‘Land and sea’ is a simple phrase and a powerful one. Three everyday words that are now everywhere. They’re central to conservationists’ calls for action and leaders’ pledges to tackle the nature crisis. They’re at the heart of the draft global framework for nature. And in every media story about the loss of biodiversity.
There’s just one problem. One really big problem. They’re doing more harm than good. Indeed, these three little magic words could spell doom for conservationists’ hopes and governments’ promises. Because they omit one of the three fundamental parts of our natural world — freshwater.
By drumming home the message that only ‘land and sea’ are important, this seemingly innocuous phrase makes it clear that freshwater ecosystems do not matter. That they’re not even worth talking about. This helps to drown out calls for urgent action to be taken — and ambitious goals and targets to be set — to protect and restore rivers, lakes and wetlands.
And guess what? We can never create a nature positive world or bend the global biodiversity curve if we don’t prioritize freshwater ecosystems. We’ve lost 84% of our freshwater species populations since 1970 — far more than ‘land and sea’ species — and one third of the world’s wetlands over the same period. And these alarming trends show no sign of slowing. We are continuing to dam free flowing rivers, drain peatlands, pollute lakes, disconnect floodplains and pave over wetlands. And drive freshwater species towards — and to — extinction.
We need to reverse the collapse in freshwater species and the degradation of freshwater ecosystems if we are to tackle the nature crisis. And indeed, the climate crisis. But the stubborn adherence to ‘land and sea’ undermines this by reinforcing the prevailing, blinkered view that it’s rainforests and reefs that really matter, while the rivers that connect the two do not.
Of course it’s not just rainforests and reefs. ‘Land and sea’ also sparks thoughts of mountains, grasslands and the deep blue sea. But never rivers, lakes or wetlands. Why would a leader who’s pledged to conserve more ‘land and sea’ instruct ministers to focus on freshwater? Why would a finance minister reading a briefing about ‘land and sea’ consider investing scarce resources in healthy rivers? Why would journalists write about rivers at risk when they’re constantly being told about the need to protect ‘land and sea’?
I have no idea why conservationists and government negotiators plumped for ‘land and sea’ in the first place but it makes no sense.
It’s like a two-legged stool. Or a two-sided triangle. Or trusting your life to just two musketeers.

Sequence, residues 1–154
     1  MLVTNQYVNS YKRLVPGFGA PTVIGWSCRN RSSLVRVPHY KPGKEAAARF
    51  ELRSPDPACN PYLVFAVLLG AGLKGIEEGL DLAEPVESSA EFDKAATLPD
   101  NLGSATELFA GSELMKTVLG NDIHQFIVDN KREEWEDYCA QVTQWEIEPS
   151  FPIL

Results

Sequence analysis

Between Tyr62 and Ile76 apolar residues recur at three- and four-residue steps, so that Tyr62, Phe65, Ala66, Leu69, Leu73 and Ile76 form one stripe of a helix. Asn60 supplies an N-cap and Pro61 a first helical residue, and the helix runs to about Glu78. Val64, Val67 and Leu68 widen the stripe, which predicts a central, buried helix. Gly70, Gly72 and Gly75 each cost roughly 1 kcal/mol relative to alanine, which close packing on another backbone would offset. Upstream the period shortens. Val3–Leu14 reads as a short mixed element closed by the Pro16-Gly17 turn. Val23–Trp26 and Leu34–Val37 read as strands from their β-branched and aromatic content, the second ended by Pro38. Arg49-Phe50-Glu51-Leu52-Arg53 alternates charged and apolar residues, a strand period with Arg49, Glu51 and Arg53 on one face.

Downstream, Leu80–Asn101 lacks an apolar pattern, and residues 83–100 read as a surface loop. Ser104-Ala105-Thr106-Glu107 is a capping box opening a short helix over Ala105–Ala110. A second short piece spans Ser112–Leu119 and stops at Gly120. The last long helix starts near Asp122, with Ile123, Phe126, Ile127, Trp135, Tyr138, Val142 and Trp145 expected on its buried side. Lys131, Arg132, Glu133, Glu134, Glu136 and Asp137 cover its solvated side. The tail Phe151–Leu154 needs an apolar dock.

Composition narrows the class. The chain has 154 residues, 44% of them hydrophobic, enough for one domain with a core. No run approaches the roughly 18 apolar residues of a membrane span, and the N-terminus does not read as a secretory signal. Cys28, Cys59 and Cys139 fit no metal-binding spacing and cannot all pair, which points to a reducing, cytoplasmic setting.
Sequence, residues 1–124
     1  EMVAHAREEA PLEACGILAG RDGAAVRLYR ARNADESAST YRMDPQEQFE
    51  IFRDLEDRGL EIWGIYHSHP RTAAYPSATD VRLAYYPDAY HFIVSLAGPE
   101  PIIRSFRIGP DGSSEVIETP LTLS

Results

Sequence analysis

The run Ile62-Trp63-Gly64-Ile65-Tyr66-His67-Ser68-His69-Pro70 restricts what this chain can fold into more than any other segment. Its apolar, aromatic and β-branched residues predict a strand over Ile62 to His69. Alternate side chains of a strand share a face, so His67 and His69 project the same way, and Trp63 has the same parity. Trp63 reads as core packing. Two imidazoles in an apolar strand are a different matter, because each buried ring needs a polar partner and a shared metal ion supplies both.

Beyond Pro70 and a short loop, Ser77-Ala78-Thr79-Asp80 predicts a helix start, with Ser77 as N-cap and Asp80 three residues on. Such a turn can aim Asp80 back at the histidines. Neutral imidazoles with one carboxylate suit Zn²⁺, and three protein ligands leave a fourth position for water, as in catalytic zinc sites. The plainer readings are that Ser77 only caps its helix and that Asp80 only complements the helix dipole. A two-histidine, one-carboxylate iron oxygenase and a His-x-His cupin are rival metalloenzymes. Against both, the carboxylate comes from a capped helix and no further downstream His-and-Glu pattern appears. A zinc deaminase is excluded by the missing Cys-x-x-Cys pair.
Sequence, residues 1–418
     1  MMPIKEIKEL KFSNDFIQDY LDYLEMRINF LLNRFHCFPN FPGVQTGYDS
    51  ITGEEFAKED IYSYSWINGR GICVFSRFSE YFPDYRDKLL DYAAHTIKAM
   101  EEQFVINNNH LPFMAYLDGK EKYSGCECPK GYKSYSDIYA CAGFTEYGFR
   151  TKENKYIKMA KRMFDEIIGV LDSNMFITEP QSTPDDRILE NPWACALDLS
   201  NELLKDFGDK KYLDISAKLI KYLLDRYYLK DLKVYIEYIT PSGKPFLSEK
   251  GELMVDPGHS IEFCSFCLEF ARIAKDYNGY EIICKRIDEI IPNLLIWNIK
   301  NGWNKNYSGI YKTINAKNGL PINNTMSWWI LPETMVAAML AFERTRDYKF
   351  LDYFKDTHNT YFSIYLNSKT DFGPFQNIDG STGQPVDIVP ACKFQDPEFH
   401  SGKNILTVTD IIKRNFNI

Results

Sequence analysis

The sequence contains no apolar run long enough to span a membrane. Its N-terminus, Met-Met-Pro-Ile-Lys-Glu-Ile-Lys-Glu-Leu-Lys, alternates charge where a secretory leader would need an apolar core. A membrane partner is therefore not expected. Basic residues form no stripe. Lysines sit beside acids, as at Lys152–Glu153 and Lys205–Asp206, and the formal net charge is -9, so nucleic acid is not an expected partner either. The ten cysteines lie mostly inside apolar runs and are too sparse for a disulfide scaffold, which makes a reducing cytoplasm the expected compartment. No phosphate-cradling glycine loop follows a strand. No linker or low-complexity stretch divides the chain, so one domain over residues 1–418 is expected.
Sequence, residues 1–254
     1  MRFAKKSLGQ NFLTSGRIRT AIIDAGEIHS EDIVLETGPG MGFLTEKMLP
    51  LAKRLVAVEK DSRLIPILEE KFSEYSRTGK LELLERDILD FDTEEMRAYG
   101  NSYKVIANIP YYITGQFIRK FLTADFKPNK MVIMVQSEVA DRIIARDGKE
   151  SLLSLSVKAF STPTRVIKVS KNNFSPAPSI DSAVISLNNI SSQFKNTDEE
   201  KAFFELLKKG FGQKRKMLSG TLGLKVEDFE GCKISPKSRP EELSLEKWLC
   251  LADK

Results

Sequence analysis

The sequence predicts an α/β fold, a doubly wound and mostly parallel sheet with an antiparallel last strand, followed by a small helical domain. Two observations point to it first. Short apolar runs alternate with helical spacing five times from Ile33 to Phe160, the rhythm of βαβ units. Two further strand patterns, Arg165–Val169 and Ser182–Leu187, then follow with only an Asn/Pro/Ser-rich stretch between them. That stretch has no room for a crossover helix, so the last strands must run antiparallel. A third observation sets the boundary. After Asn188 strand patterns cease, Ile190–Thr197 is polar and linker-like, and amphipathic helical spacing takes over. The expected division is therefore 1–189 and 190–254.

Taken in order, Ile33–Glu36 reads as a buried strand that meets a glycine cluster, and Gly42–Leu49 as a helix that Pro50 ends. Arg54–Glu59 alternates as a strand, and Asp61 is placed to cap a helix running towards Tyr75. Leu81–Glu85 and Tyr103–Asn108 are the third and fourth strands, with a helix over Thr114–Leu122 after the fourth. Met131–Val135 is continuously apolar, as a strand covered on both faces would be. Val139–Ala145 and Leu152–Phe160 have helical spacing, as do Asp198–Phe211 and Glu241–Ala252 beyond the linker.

Or — an example I resort to when people accuse me of reading too much into the absence of freshwater — when you’re next out in the wild world and need a drink of water, which bit of land or sea are you going to get it from?
And that is the point. Healthy rivers, lakes and wetlands are our life support systems. They provide us with water. And food — one third of global food production depends on rivers. They are central to efforts to adapt to climate change — the impacts of which will “most immediately and acutely be felt through water”. They are indispensable to us and all life on land. Yet we treat them as second class ecosystems — undervaluing and overlooking them.
I’m not saying that adding freshwater — or the more wonky, policy term ‘inland waters’ — to ‘land and sea’ will halt the loss of freshwater biodiversity overnight. But it will finally raise freshwater ecosystems to the same level of importance. It will make it impossible for anyone reading, writing or hearing the new phrase to forget about rivers, lakes and wetlands: they might not do anything but they will no longer be able to do so by claiming ignorance.
And it’s really easy. Try it…land, inland waters and sea.
It’s just a small change, but one that will make a big difference as the world tries to tackle the nature crisis. And some conservationists are now firmly behind this new approach. WWF called the exclusion of ‘inland waters’ a major gap in the top bullet of its response to the first draft of the Convention on Biological Diversity’s global framework for nature. The Key Biodiversity Areas Partnership has also called for the phrase to be amended to ‘land, inland waters and sea’.
But for some reason, others remain wedded to the counterproductive use of ‘land and sea’. Or believe that it’s more important to focus on the minutiae of specific targets — not understanding that the best freshwater targets in the world are irrelevant if decision makers are only concentrating on ‘land and sea’.
In a world facing fundamental challenges from climate change and nature loss, this might seem like a really small point. But it’s not. Words matter enormously in international agreements. That’s why negotiators spend countless hours debating over the use of must, will and should. It’s why they battle over what specific words to include and what to omit. Excluding freshwater has resulted in it being relegated to the sidelines. And we all allowed this to happen. It is a collective failure that has contributed to freshwater blindness and the ongoing loss of rivers, lakes and wetlands — which are undermining global efforts to halt climate change and reverse nature loss.
Language matters. It really does. And there was some welcome wording from the first phase of CBD COP15. The Kunming Declaration ends with a call for enhanced collaboration to “promote the protection, conservation, sustainable management and restoration of terrestrial, freshwater and marine biodiversity.” Let’s amplify this. Let’s speak out now, calling on everyone to stop using ‘land and sea’ once and for all. Because changing those three little words will help us to make changes in freshwater ecosystems that will benefit people and nature across the world.